Truck maker PACCAR is apparently about to team up with Victoria’s Deakin University as it opens the first Hydrogen Transition Centre in Australia, with the aim of establishing hydrogen as a clean, low emission fuel for trucks in the future.
Deakin has established the facility at its Warrnambool campus in the south west of Victoria announcing that it will partner industry for the new research and testing site, which is budgeted to cost $20milion.
Australia’s chief scientist Allan Finkel, has in recent times said that Australia could have an enormous future as a producer and global supplier of clean ‘green’ hydrogen as a fuel for vehicles, for use in steel production and other fuel needs.
Deakin Vice-Chancellor Professor Iain Martin said freight trucking continues to grow here and overseas, and trucks are driving further, with heavier loads; all big challenges.
“The centre confirms Deakin’s commitment to the Warrnambool campus and the broader region, and when the HyceL@Warrnambool project is fully established it will create up to 200 full-time jobs,” he said.
The Hydrogen Transition Centre in Warrnambool has received $2 million in Federal research funding to develop hydrogen fuel cells for use with electric vehicle technologies and with the multi-billion dollar hydrogen market.
“The Federal Government investment will see our researchers partner with Australia’s leading truck manufacturer, Kenworth, as well as with industry leaders in hydrogen fuel-cells, electric vehicles and gas distribution,” said Professor Martin.
PACCAR’s parent in the USA has been working with auto giant Toyota on Hydrogen powered trucks for use at the Port of Long Beach so an involvement in the local research centre would be a logical and smart move.
While not confirmed yet it is believed the truck marker will announce a tie up shortly.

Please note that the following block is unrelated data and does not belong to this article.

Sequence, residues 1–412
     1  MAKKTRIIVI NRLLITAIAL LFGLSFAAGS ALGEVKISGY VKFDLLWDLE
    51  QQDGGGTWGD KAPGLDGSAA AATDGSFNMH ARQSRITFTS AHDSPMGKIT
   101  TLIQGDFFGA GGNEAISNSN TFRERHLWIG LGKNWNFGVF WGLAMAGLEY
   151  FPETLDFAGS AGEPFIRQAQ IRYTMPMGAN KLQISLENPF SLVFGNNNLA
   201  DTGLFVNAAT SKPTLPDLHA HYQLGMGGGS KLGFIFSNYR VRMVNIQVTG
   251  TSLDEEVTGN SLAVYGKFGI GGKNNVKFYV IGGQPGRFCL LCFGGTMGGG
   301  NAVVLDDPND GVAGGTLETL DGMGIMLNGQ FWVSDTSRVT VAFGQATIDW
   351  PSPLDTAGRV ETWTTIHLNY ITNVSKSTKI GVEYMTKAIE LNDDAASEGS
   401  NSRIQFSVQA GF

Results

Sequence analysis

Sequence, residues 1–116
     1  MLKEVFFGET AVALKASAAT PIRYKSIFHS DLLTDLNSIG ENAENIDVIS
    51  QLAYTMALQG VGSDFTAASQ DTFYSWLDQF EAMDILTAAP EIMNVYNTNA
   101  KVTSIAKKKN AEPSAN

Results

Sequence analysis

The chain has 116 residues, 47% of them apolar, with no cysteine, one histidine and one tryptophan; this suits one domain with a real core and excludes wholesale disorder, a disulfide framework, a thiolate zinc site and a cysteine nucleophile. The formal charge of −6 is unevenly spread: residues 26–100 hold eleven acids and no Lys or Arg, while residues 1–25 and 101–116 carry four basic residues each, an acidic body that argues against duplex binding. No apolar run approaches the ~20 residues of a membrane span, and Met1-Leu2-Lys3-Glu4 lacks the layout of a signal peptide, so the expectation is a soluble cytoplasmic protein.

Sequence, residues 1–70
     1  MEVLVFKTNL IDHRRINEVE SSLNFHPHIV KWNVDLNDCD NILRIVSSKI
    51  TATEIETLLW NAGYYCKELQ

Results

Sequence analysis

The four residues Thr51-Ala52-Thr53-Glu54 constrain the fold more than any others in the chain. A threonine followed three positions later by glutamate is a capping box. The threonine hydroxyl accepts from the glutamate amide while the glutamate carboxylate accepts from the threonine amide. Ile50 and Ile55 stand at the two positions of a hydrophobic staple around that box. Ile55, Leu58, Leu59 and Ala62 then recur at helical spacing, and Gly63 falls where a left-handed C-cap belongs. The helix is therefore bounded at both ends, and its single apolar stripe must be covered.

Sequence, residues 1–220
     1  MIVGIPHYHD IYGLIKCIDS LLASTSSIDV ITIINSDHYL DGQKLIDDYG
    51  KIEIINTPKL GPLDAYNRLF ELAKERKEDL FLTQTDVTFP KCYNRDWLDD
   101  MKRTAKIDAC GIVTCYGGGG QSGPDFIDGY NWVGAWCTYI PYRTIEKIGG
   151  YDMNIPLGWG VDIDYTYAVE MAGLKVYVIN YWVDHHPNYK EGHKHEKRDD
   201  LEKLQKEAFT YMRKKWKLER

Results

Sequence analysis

“If successful, the enhanced technologies could be used by Kenworth trucks made here in Australia, as well as those made internationally by Kenworth’s parent company PACCAR,” said Professor Martin said.
A research centre like HyCel@Warnambool has the capability of making Australia a potential leader in hydrogen fuel cell technology and development. At the core of the technology is a fuel cell, which uses hydrogen in a chemical reaction with catalyst metals to create electricity with the only emission being water. One of the biggest challenges is that gathering the hydrogen and making it suitable for use is an energy intensive process. However with Australia’s vast potential for solar and wind power, it could give the nation a potentially massive advantage in creating green hydrogen as opposed to ‘brown’ hydrogen generated by using power from carbon emitting sources. It is believed the global fuel-cell market could be worth in excess of $70 billion.
The Deakin Hydrogen Transition Centre will be at the centre of Australia’s work in hydrogen fuel-cell innovation and position the region well, to cash-in as new markets for hydrogen technologies emerge in the international push for cleaner transport says the university.
It is understood that the new centre will also develop and test hydrogen safety systems as well as distribution looking at methods for safe transport of hydrogen potentially using natural gas pipelines.
The centre is also aiming to support Victoria’s south west region as it works toward becoming a producer of green hydrogen as an export product.